Since recovering from a concussion that kept him out of action for much of the 2007-08 NHL season, Patrice Bergeron has achieved a true rebirth of his career. Many wondered whether Bergeron would ever make a full recovery, producing to his historic norm and playing two-way hockey at an elite level. While it may have taken him a couple seasons to shake off the rust, it seems that ‘PB37’ is back to his old tricks for the Northeast Division leading Bruins. Bergeron is tied for 22nd in league scoring with 43 points and boasts an NHL-second best +27 rating. Patrice Bergeron’s return to [potentially] award-winning form is proof positive that it’s possible for NHL players to make a full recovery from the devastating injury that is a concussion. In today’s National ‘Headshot’ League, Bergeron’s story gives everyone a reason to smile. Due to his defensive acumen and a rekindled scoring touch, Patrice Bergeron is my selection for the Frank Selke Trophy.
- Jack Adams Award (Best Coach) – Paul MacLean – OTT (52GP, 27-19-6, .577 Win%)
In a season filled with first-half surprises, none have been more unexpected than the strong play of the Ottawa Senators. Written off at the start of the season as a probable bottom-feeder, the Senators seemed poised for a lottery selection in the upcoming draft; but to everyone’s surprise, the Senators have rocketed out to a 5th place position in the Eastern Conference – guided by monster performances from Jason Spezza, Milan Michalek, and Erik Karlsson. A great deal of the credit must be given to MacLean, as well. He has allowed this young, developing team to gain confidence in a low-pressure atmosphere while playing an enjoyable up-tempo style of hockey. The first-year head coach, and product of Mike Babcock’s staff in Detroit, has the Senators buying in to the system 100% and they will only continue to improve as a team going forward. While a lengthy slump is by no means out of the question for this fresh Ottawa club, there is no question that Paul MacLean is in the ‘coach of the year’ discussion. Thus, he is my midseason selection for the Jack Adams Award.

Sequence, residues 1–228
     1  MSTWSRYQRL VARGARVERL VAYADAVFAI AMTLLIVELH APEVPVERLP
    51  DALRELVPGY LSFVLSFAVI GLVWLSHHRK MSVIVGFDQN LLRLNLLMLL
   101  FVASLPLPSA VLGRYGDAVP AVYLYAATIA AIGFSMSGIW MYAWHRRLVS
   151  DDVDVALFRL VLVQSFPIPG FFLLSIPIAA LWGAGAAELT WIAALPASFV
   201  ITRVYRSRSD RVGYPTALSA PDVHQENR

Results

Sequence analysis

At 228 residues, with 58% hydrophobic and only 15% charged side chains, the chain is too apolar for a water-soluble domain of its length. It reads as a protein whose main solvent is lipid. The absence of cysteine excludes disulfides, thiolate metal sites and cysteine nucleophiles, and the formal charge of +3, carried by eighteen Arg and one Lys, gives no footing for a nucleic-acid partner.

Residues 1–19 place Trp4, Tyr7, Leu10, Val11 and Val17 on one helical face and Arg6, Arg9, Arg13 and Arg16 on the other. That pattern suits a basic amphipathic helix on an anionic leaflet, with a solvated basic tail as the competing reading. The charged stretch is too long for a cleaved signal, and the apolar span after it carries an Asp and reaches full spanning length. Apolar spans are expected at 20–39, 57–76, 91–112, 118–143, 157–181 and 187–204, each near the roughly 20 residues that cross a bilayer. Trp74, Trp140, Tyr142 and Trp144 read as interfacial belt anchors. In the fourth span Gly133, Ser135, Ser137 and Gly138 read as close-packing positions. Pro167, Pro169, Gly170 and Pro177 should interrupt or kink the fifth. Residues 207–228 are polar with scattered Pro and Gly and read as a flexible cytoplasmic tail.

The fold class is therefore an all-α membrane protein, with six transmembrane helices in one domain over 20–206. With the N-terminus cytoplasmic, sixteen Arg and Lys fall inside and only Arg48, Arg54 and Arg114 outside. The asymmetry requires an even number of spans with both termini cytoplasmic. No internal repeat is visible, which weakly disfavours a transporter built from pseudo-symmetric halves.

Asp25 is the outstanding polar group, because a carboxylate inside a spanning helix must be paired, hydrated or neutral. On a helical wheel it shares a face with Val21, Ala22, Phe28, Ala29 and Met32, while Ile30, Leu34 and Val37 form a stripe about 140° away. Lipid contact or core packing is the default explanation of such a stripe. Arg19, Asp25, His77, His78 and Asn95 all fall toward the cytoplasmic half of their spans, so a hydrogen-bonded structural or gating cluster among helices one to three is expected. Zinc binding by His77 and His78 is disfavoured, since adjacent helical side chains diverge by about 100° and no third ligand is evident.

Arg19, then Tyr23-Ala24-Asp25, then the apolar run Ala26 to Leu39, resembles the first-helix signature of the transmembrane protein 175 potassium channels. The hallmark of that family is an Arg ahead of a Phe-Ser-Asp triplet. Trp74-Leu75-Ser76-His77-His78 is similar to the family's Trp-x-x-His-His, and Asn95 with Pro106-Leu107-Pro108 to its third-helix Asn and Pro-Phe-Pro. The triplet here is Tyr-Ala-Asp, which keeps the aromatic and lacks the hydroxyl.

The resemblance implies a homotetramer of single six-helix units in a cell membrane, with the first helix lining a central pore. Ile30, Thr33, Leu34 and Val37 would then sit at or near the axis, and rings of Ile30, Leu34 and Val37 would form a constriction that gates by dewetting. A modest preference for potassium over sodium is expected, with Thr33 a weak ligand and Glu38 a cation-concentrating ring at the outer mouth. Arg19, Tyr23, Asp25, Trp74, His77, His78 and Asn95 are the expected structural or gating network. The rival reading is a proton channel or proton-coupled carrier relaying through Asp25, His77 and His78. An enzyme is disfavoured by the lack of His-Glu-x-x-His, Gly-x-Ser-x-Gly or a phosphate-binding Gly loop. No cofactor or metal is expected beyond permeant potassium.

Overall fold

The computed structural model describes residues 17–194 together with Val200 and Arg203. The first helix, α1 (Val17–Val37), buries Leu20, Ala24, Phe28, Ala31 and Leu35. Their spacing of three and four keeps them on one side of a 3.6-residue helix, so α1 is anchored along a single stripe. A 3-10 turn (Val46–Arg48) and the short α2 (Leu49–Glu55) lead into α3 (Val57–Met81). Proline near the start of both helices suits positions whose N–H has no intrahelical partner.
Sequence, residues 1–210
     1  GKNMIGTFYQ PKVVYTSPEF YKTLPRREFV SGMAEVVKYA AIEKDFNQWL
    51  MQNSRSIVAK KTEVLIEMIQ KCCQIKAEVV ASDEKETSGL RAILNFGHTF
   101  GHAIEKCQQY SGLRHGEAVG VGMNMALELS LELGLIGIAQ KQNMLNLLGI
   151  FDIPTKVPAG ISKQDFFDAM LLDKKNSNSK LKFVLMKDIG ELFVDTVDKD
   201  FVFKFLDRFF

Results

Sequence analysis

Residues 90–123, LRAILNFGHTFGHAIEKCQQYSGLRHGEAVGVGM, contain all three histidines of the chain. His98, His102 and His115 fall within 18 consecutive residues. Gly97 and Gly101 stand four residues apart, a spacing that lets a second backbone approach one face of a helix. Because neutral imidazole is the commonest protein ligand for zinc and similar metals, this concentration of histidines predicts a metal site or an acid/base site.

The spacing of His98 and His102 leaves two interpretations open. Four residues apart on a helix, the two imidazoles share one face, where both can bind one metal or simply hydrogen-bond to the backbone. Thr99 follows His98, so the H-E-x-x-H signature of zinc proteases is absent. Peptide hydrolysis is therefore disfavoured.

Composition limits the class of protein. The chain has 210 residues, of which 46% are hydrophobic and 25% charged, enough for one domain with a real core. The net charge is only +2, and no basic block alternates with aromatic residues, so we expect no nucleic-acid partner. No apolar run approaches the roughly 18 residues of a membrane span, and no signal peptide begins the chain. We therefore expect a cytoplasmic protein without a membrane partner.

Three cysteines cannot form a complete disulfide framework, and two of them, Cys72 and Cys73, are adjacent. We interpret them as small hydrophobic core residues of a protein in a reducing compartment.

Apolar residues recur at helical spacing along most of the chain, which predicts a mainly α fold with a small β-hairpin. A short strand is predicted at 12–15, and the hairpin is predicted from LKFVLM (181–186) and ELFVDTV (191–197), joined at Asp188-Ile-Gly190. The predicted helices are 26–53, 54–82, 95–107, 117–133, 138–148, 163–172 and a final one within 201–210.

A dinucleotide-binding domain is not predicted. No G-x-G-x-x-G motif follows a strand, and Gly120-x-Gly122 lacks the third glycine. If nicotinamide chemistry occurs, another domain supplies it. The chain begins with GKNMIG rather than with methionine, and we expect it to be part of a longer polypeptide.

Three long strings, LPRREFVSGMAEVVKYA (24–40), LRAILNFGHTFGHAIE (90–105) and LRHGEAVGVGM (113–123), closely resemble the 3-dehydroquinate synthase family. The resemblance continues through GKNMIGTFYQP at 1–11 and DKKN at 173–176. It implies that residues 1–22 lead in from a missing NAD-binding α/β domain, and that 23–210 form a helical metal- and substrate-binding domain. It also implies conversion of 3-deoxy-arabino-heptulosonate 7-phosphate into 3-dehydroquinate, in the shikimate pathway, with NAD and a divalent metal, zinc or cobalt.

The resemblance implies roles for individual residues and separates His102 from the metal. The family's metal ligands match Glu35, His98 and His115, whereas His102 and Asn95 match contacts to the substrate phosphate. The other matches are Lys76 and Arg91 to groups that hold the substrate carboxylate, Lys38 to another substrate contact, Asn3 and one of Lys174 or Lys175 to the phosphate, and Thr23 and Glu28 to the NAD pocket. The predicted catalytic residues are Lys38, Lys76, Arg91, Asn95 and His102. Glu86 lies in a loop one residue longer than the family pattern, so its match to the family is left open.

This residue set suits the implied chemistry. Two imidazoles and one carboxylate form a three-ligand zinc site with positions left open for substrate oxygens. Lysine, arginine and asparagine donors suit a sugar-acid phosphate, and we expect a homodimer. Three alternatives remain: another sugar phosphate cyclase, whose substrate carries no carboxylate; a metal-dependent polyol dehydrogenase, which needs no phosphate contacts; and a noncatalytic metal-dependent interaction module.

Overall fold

- Bill Masterton Memorial Trophy (Perseverance) – Joffrey Lupul – TOR (49GP, 20G, 32A, +3)
There is, in my humble opinion, no better story in the NHL this season than that of Mr. Joffrey Lupul. Having dealt with major back injuries, and multiple subsequent infections that threatened his long-term health and NHL career, it is truly a miracle that Joffrey Lupul is again playing the game he loves. But not only has Lupul beaten the odds by walking again, rehabilitating his musculature after months of atrophy, and resuming his NHL career; Lupul has also been one of the most consistent offensive producers over the course of the season. Through 49 games played, Lupul sits 6th in league scoring – behind only perennial studs like Malkin, Stamkos, Datsyuk and Giroux. Joffrey Lupul’s struggle reveals to us all that life is most certainly bigger than the game of hockey. But maybe, just maybe sometimes the game of hockey can make one’s life truly ‘bigger.’ Such is the case with Joffrey Lupul and the ultimate display of resiliency in the face of long-term debilitation and loss of his career. The battle-scarred journeyman – now with his fourth NHL team – is without question my selection for the Bill Masterton Memorial Trophy.